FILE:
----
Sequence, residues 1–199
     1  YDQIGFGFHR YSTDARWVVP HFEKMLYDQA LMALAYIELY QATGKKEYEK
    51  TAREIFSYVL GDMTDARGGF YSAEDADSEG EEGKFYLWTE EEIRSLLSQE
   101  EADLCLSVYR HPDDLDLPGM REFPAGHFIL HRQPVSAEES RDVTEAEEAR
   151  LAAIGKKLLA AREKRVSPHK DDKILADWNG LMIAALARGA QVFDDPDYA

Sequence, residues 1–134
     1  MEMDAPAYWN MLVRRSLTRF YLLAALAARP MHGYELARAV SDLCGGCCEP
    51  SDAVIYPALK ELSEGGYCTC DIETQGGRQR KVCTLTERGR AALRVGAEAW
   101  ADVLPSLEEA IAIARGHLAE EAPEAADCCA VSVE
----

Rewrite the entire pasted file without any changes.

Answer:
Sequence, residues 1–199
     1  YDQIGFGFHR YSTDARWVVP HFEKMLYDQA LMALAYIELY QATGKKEYEK
    51  TAREIFSYVL GDMTDARGGF YSAEDADSEG EEGKFYLWTE EEIRSLLSQE
   101  EADLCLSVYR HPDDLDLPGM REFPAGHFIL HRQPVSAEES RDVTEAEEAR
   151  LAAIGKKLLA AREKRVSPHK DDKILADWNG LMIAALARGA QVFDDPDYA

Sequence, residues 1–134
     1  MEMDAPAYWN MLVRRSLTRF YLLAALAARP MHGYELARAV SDLCGGCCEP
    51  SDAVIYPALK ELSEGGYCTC DIETQGGRQR KVCTLTERGR AALRVGAEAW
   101  ADVLPSLEEA IAIARGHLAE EAPEAADCCA VSVE